Frankie (Frankie Avalon) has big plans for his summer holiday in BEACH PARTY. He's rented a beach house, hoping to get his "chick" Dolores (Annette Funicello) to finally "sleep over," with all that entails in 1963. But Dolores is too hip to fall for that. Instead, she's invited the whole gang for the ultimate sleepover beach party. That's Dolores' idea of a real holiday. Frankie's not happy and decides to make Dolores jealous as he flirts with a Marilyn Monroe look-alike from a local hangout. Again, Dolores is wise to him and turns the tables. She's got her eye on an older man -- nerdy scientist (Robert Cummings) who is secretly researching teen sexual patterns, trying to find a link between tribal mating rituals and "modern" puberty. It's a free-for-all of innuendo, miscommunication, and teasing sexual incidents. Adding to the fun and games is the arrival of a clownish motorcycle gang intent upon spoiling everything. It's only a matter of time, brawls, and exhausting partying before true love triumphs, and everyone finds happiness with the right cliché.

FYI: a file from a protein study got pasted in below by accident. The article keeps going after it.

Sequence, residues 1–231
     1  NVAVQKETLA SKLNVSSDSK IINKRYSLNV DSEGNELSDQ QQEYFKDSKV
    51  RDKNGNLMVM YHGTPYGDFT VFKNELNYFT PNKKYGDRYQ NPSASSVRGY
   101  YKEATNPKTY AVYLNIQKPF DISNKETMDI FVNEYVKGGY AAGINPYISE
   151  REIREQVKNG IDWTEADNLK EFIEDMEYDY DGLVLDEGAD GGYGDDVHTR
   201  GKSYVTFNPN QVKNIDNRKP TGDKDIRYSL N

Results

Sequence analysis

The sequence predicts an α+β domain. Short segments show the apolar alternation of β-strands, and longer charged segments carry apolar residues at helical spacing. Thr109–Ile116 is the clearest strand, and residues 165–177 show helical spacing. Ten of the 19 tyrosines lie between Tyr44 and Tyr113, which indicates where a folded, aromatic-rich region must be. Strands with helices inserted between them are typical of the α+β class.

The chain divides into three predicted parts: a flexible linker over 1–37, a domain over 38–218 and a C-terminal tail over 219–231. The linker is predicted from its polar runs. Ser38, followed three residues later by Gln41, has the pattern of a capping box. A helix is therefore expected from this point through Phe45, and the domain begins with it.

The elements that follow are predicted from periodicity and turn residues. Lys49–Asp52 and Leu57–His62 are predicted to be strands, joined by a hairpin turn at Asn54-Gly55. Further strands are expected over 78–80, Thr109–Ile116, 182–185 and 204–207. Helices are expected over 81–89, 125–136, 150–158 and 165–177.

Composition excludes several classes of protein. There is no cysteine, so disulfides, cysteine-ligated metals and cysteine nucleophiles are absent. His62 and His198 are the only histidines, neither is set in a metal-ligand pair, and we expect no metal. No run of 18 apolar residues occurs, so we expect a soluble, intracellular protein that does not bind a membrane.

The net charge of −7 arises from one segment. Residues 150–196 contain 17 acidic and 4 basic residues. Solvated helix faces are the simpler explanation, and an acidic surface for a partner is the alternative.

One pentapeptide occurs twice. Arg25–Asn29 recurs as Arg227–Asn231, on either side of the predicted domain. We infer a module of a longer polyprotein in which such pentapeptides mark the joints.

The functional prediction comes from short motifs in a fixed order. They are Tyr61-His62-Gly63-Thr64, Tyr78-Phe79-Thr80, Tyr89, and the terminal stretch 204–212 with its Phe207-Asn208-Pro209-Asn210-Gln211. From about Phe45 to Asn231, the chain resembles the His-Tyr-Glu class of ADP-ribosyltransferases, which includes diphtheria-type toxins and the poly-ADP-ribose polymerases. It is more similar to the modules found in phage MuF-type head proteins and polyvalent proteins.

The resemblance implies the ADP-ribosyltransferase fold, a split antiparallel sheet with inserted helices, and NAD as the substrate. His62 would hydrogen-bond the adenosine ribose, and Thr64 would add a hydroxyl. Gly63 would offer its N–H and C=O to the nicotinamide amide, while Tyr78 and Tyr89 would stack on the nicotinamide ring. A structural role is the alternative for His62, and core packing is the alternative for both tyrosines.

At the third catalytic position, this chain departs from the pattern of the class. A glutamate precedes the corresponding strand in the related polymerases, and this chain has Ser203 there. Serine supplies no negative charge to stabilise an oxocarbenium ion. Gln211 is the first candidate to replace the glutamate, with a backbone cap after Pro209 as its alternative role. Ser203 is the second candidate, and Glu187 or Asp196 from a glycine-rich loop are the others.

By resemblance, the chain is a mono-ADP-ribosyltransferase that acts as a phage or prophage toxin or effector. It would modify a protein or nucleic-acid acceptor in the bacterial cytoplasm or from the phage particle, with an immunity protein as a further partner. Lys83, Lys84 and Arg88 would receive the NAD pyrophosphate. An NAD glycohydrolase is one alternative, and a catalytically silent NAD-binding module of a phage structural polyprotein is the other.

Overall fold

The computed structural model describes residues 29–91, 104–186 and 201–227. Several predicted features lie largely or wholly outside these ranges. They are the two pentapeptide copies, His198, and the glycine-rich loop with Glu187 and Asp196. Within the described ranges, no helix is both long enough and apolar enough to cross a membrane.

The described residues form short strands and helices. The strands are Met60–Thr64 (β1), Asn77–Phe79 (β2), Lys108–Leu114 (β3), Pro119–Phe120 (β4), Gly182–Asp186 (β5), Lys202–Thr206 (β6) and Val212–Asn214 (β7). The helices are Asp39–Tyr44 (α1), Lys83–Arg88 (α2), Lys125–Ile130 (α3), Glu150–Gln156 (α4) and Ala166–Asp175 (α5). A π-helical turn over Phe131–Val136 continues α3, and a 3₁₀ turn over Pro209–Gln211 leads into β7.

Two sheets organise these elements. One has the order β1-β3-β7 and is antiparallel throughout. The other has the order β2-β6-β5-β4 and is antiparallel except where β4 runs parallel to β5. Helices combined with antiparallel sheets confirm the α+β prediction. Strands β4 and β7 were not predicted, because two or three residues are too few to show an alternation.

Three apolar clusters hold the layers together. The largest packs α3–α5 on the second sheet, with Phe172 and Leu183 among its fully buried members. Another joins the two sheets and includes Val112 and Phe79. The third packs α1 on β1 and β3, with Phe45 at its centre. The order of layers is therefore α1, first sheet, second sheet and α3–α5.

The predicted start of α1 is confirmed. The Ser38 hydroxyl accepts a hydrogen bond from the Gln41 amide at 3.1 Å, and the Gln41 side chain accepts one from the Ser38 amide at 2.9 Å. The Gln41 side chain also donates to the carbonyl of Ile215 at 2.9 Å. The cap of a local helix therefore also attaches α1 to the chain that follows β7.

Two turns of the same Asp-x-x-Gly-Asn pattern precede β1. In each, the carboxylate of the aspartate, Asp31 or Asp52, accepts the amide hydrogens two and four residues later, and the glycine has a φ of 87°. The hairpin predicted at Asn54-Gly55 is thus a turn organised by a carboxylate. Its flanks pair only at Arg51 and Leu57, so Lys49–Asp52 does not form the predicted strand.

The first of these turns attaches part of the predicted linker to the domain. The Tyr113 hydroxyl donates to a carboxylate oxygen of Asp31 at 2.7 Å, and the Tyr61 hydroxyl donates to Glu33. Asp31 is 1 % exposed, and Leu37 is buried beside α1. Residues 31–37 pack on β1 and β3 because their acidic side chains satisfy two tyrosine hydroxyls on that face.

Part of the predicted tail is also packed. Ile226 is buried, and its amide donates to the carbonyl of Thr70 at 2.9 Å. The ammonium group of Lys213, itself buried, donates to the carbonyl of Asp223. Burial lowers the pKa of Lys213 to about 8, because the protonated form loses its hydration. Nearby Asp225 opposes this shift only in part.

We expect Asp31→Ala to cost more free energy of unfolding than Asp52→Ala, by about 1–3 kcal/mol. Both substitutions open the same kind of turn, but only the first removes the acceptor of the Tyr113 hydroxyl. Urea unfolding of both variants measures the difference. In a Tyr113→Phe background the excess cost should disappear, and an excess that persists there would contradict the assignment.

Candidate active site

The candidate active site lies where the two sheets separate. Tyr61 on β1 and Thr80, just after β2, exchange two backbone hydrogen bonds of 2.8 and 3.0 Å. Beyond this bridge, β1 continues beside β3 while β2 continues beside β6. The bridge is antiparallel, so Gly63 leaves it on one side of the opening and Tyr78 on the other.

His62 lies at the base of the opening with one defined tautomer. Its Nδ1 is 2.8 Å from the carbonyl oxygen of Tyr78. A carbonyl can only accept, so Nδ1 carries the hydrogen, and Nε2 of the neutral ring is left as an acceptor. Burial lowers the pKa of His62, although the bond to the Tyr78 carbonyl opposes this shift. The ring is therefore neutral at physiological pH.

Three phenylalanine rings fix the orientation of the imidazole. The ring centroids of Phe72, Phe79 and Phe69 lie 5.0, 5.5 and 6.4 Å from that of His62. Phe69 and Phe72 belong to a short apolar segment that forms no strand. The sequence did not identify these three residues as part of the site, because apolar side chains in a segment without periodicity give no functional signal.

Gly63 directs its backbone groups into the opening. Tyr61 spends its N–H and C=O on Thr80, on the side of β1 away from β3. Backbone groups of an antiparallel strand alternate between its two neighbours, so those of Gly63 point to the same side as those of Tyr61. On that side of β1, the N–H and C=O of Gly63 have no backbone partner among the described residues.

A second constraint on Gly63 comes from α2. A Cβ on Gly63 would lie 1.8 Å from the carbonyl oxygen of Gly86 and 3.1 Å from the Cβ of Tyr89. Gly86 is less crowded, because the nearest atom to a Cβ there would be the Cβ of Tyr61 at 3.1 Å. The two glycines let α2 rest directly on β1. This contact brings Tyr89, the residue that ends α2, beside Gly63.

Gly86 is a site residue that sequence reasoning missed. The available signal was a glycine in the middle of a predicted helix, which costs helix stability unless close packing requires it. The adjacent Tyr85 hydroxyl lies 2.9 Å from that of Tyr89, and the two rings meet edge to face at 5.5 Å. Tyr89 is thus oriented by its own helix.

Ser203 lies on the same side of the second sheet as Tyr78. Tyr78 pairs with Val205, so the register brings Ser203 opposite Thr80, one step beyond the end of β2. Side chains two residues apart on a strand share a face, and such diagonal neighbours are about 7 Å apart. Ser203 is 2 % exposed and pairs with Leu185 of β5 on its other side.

Is It Any Good?